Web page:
Toxic chemicals and pollutants are all around us, including in our homes. There’s a lot we can do to minimize our exposure to them. Elevated blood levels of toxic chemicals found in pesticides, nonstick cookware, and fire retardants have been tied to an increased risk for celiac disease in young people, new research shows.
Celiac disease is an autoimmune disease that leads to damage in the small intestine. It’s estimated to affect roughly 1% of adults worldwide and can lead to other health complications as well. Celiac disease has a genetic predisposition component to it but it’s generally believed to be triggered by the ingestion of foods containing gluten.
The research was published in the journal Environmental Research. The NYU Langone team concluded that both children and young adults with elevated blood levels of chemicals such as dichlorodiphenyldichlorethylenes (DDEs) and other common pesticide chemicals were twice as likely to be diagnosed with celiac disease.
The study also made other interesting revelations such as gender differences in the response to higher chemical blood levels. Females, who are the majority of celiac disease patients turned out to be even more susceptible to the disease if exposed to higher levels of toxic chemicals. According to the study, they were at least eight times more likely to become gluten intolerant.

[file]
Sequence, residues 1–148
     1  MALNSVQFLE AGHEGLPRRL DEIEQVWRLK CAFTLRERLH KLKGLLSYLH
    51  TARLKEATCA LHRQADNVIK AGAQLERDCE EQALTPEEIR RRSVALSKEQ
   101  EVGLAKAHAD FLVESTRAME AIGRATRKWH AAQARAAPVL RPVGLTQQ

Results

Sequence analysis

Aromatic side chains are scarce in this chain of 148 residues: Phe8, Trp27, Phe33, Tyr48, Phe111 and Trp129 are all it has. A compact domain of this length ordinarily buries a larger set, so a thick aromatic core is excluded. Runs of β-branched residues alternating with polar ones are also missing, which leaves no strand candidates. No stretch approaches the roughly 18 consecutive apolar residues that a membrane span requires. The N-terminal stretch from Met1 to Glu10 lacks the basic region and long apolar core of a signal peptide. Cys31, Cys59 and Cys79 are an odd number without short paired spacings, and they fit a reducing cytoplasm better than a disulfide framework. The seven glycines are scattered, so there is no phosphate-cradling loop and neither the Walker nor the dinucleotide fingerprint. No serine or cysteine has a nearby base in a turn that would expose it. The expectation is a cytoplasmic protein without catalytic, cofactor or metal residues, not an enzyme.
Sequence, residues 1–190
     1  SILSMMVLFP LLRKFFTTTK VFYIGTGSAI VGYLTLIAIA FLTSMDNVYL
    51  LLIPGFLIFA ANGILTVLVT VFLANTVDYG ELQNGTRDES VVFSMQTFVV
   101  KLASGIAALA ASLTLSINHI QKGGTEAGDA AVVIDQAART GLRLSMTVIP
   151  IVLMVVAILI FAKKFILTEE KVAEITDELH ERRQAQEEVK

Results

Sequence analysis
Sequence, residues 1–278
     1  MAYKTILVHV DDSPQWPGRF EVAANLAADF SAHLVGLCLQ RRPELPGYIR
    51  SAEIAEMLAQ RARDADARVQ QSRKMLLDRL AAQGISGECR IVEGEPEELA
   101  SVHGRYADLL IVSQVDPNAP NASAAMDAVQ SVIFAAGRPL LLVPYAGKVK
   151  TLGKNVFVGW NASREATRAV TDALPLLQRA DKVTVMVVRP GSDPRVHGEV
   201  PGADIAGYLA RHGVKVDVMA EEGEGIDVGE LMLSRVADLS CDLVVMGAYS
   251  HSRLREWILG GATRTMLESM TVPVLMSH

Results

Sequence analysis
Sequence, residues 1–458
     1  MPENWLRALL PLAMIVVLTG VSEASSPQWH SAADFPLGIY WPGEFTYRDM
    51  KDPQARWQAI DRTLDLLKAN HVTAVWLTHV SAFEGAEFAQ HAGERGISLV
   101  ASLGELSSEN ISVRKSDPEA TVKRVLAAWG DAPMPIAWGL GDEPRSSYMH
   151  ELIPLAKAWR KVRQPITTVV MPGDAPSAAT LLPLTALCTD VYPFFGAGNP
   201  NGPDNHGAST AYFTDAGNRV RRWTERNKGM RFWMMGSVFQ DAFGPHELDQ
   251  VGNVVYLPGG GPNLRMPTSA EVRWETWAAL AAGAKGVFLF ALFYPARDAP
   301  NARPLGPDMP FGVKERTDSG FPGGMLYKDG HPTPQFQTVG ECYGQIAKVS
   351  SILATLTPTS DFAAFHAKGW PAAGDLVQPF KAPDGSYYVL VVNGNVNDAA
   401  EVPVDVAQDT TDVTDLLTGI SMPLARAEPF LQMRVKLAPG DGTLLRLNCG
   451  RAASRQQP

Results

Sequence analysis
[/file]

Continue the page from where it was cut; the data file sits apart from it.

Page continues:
Young adult females exposed to elevated levels of nonstick chemicals such as perflouoroalkyls or PFAs (e.g. Teflon) had a five to nine times increased risks of developing celiac disease. Young males, on the other hand, were twice as likely to be diagnosed with the disease if they had elevated blood levels of fire-retardant chemicals, polybrominated diphenyl ethers, or PBDEs.
Study co-investigator and health epidemiologist Leonardo Trasande, MD, MPP, the Jim G. Hendrick, MD Professor at NYU Langone, said that further studies are still needed to determine how exactly these toxic chemicals are related to celiac disease. He suggested that all these chemicals are known to disrupt the hormone levels in both humans and other animals. Trasande believes that this might be key to understanding the link between the chemicals and the disease as hormones are related to people’s sexual development and immune defenses against infection.
Up until now, researchers believed that celiac disease was almost entirely genetic and was just passed on from parents to their children. Trasande, who also works as a chief of environmental pediatrics in the Department of Pediatrics at NYU Langone and his colleagues now believe that exposure to toxins may play a much bigger role than they previously thought.
“Our study establishes the first measurable tie-in between environmental exposure to toxic chemicals and celiac disease,” said Jeremiah Levine, MD, senior study investigator, and pediatric gastroenterologist. “These results also raise the question of whether there are potential links between these chemicals and other autoimmune bowel diseases, which all warrant close monitoring and further study.”
Trasande also expressed his hopes that further studies will soon be done about celiac disease and will confirm their findings. If this is shown to be conclusive, similar findings might be made about other autoimmune diseases as well.
It should be noted, however, that the NYU Grossman School of Medicine study didn’t include that many participants. The researchers analyzed the blood of 90 patients. 30 of them were children and young adults between the ages of 3 and 21. They were all diagnosed with celiac disease at NYU Langone Hassenfeld Children’s Hospital. The other 60 were young adults and kids of similar age and ethnic backgrounds but with no celiac disease.